5 Takeaways to Turn Passion into Business

5 Takeaways to Turn Passion into Business

Think you have what it takes to transform your passion into a successful business? Celebrated chef, author, podcaster, and founder of the Momofuku empire, David Chang shares the good, the bad, and the risky on how passion can be harnessed into a driving force to propel your career forward. Not without financial and personal uncertainties and challenges, here are five of his key takeaways.


Take the Nontraditional Route
What led David Chang to culinary school? It was not until he exhausted a few other options that Chang fully allowed himself to pursue his cooking passion. From his father’s initial discouragement to brief stints in finance and teaching, it's not until he found himself “rudderless” that he went full steam ahead into cooking. 

He found a sense of belonging among the intense and eccentric personalities in professional kitchens and realized that doing something meaningful was more important to him than pursuing what society deemed important. “I wanted to do something that was meaningful to me and I've never really looked back,” Chang says of his choice. 

Find your passion and commit to it with laser focus — even if it turns into a career path that others don’t fully understand or appreciate. 

Embrace Calculated Risks
At the time, opening a ramen shop may have been seen as a risk. But to Chang, it was an opportunity to be unique. After spending time in Japan teaching, he discovered his love for ramen and became fascinated with how the dish was understood in Japan — similar to how Americans viewed foods such as barbecue, pizza, or hamburgers. 

Despite honing fine dining techniques and being surrounded by French and European haute cuisine, Chang decided to do something that no one else wanted to do.

“Let’s just roll the dice and see what happens,” he says of his decision. “Let’s try to open a ramen shop.” Although it was a calculated risk, Chang concedes he wasn’t quite thinking in dollar and cents terms, but he was fully committed to making the restaurant work and survive. 

As they say, fortune favors the bold. In order to be a trailblazer in your respective field, go all in and be prepared to face uncertainties head on. 


  • Define What Success Looks Like

    What does success mean? Maybe it’s making a certain amount in annual revenue or the number of restaurant locations that are opened, but to Chang, success meant being able to provide healthcare to all of his employees.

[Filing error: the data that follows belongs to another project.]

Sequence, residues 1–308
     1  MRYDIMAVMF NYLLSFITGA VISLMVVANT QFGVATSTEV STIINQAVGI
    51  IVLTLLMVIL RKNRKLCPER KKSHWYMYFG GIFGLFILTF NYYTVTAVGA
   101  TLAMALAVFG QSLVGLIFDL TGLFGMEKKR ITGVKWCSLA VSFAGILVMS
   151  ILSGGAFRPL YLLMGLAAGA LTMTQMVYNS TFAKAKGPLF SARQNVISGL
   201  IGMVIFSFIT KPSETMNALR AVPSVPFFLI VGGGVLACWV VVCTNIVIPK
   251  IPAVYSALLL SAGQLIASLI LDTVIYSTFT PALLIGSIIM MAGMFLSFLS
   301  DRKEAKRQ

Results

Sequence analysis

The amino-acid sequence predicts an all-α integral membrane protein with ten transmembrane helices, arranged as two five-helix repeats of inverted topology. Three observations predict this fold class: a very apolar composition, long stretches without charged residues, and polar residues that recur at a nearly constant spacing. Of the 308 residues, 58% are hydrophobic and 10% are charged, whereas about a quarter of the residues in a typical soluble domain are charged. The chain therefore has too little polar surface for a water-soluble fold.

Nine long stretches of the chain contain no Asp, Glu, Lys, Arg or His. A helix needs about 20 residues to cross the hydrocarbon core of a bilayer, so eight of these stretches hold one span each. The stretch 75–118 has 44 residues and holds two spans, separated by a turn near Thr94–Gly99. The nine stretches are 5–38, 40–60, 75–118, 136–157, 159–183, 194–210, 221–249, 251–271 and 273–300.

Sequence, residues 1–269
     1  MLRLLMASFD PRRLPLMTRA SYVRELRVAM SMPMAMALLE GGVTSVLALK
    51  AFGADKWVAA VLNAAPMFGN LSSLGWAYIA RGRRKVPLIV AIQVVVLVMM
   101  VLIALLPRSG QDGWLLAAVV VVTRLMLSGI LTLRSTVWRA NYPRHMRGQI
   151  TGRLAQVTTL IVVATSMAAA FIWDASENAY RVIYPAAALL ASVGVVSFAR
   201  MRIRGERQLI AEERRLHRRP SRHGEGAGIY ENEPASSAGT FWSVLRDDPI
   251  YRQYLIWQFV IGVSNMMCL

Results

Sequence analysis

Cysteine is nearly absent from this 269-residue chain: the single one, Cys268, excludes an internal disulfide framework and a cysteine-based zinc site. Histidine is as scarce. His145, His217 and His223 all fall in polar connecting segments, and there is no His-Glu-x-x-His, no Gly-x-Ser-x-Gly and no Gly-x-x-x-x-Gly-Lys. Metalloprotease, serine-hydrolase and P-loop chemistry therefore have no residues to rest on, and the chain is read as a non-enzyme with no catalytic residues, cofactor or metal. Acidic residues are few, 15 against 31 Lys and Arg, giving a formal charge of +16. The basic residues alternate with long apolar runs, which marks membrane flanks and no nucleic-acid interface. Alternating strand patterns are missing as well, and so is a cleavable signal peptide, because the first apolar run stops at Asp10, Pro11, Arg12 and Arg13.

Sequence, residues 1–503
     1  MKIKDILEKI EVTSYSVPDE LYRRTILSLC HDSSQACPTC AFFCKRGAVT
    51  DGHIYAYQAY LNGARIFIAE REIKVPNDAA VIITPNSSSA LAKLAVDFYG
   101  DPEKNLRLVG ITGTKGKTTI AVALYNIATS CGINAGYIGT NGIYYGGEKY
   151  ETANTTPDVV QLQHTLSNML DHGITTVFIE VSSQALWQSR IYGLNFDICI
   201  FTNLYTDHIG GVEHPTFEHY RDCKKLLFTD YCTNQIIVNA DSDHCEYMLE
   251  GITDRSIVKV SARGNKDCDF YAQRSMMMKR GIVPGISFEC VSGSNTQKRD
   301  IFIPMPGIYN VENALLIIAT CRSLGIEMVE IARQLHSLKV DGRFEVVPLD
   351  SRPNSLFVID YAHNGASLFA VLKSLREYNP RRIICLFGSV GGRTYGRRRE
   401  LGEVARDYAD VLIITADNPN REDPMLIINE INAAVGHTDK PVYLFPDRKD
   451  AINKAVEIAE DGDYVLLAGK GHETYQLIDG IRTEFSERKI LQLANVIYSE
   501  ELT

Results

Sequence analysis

As a new business, his approach was constantly evolving and included making mistakes, taking risks, and doing what he says “would scare the bejesus out of somebody that taught hospitality.” 

Going against the grain and figuring things out as they went along, he adds that he and his team “followed our own gut, our own intuition.” And although sales were coming in and popularity was rising, that sense of success didn’t feel tangible until he was able to offer health insurance for the entire team — which was the catalyst behind Momofuku’s expansion.

Success looks different to everyone and the road to get there will be nonlinear. Trust your gut, even if that means doing things differently than industry standards. 


Evolve Your Management Style 
Running a business like a family can work initially, but Chang concedes that he needed to evolve as a leader and manager in order for Momofuku to sustain growth. 

“If you want to grow and you want to be successful, you’ve got to get rid of how you used to do things … what made you successful might be the demise of your business.” Chang realized he needed to recalibrate his management style along with embracing more corporate practices to better take care of his nascent team. 

On receiving and implementing feedback from employees? These are things that can take time to re-wire. Be patient, but continue to work at it.  “I thought that could change overnight,” Chang says of his communication style as a manager, “but I'm still in the process of being better at curving my default settings.”

Processes that worked at the onset of your business may be subject to growing pains as your company scales. As a leader, be humble, flexible, adaptable, and ready to implement necessary changes.


  • Choose the Right Business Opportunities

    In addition to the Momofuku empire, Chang formed Majordomo Media and is a man that wears many hats: chef, entrepreneur, author, podcaster, and TV personality to name a few. When it comes to partnerships and other opportunities, how does he select which to pursue? 

“I think ultimately it has to be something that enhances the brand.” He puts a lot of importance on innovation, education, and enhancing the brand whenever a new venture or endeavor presents itself. 

At the onset, Chang says growth was organic and decisions were made more on interest versus profit — as the company scaled, he realized he had to adapt his decision-making process accordingly with strategy versus throwing caution to the wind. 

You can’t say yes to everything — be thoughtful and strategic when considering new partnerships and opportunities, ensuring that missions are aligned. 

Harnessing your passion into a business can take on a nonlinear route, but by staying committed, taking on calculated risks, and being thoughtful when opportunities come your way, it can prove to be the right business path. For those who are actively growing businesses, Chang’s takeaways shine a light on the need to be nimble and adaptable — landscapes can quickly change but evolving with an agile mindset will keep you ahead. 

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